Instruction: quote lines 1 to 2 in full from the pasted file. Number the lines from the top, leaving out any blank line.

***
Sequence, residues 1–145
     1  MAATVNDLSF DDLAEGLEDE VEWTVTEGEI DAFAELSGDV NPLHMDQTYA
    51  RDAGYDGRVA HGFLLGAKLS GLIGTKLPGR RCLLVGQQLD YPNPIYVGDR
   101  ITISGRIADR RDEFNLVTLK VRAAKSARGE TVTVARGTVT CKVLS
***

Sequence, residues 1–145
     1  MAATVNDLSF DDLAEGLEDE VEWTVTEGEI DAFAELSGDV NPLHMDQTYA